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Quantum Computing: Influencing the Modern Factory
Modern computing power has given businesses the ability to analyze vast data sets quickly and make changes to system processes based on various outputs. However, as technology continues to advance, computing power grows exponentially more powerful. Quantum computing is the next step in the evolution of computing power, offering the capability to solve seemingly impossible problems unimaginably fast. Below, we’ll break down the basics of quantum computing and discuss how organizations can utilize it in the future to improve factory efficiency and performance.
Quantum computers are supercomputers capable of extraordinary processing power. While normal processors measure the state of an object using 1s or 0s, quantum computers perform calculations based on the probability of an object’s state, giving them the potential to process exponentially more data. Qubits, the result of understanding the quantum state of an object, allow researchers to learn and decipher complex problems quickly. For example, mathematicians who focus on complex, “unsolvable” problems can enter algorithms into a quantum computer and receive calculations within minutes whereas those results may never manifest in a classic computer. Therefore, such algorithms used in quantum computing can be key tools in solving further complex mathematical proofs, predicting multiple particle interactions in chemical reactions, or cracking hard-to-break security codes.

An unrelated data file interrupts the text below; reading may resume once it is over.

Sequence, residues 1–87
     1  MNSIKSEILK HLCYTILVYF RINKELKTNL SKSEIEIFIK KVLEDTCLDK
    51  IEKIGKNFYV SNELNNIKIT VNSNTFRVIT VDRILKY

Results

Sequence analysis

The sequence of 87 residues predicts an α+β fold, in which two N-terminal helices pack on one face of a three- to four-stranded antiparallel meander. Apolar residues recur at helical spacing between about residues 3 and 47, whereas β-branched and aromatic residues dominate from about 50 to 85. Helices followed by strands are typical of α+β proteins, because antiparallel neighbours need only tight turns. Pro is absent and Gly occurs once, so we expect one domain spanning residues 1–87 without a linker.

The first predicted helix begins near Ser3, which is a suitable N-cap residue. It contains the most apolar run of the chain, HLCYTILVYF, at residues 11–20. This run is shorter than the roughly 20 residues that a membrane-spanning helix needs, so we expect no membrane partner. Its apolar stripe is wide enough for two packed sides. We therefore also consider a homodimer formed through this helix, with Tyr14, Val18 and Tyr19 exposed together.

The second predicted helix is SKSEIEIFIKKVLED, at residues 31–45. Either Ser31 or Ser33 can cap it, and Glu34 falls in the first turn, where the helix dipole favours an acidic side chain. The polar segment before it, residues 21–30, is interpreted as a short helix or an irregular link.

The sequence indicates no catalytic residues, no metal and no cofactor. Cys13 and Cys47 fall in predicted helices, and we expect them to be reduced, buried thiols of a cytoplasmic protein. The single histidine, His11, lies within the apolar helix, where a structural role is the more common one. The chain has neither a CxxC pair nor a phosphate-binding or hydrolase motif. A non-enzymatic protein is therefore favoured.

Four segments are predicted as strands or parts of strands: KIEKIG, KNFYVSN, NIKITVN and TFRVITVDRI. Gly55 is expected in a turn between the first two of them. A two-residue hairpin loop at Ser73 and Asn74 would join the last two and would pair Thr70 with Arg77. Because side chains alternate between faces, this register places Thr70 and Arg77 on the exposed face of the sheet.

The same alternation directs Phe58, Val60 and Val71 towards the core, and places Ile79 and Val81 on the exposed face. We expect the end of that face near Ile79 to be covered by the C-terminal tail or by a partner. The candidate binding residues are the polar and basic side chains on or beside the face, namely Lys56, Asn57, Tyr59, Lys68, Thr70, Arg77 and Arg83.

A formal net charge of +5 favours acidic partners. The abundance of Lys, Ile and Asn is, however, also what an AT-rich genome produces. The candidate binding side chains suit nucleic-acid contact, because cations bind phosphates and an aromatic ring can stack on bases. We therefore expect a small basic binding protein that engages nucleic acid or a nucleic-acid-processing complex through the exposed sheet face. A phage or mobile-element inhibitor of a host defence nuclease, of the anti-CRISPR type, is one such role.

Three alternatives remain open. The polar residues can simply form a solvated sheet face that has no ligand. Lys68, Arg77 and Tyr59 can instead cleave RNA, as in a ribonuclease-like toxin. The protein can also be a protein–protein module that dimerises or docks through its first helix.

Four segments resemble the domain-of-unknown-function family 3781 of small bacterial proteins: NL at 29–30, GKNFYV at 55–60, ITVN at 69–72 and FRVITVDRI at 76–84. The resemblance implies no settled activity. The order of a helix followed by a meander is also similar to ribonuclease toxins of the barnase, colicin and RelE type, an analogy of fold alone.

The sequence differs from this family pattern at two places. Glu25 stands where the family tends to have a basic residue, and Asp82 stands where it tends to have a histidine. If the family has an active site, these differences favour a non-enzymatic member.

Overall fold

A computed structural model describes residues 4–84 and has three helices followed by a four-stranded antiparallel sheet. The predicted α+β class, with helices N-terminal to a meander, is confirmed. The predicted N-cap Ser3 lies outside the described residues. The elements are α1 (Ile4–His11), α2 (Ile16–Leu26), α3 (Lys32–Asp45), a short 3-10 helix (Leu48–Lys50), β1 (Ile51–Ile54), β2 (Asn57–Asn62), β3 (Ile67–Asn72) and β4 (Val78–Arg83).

What’s Next for Quantum Computing?
While most contemporary quantum computing is confined to research labs, analysts predict they will slowly be introduced to commercial business within the next couple of decades. With being said, there are limitations to quantum computing in modern businesses. Quantum computers are expensive and require extremely low temperatures (-300o C) to operate. However, major organizations like Google, Intel, and IBM are currently exploring techniques to implement quantum computers into commercial applications. Hopefully, within the next several decades, leaps and strides will be made to bring quantum computing to the forefront of modern innovation.
An IBM quantum computer
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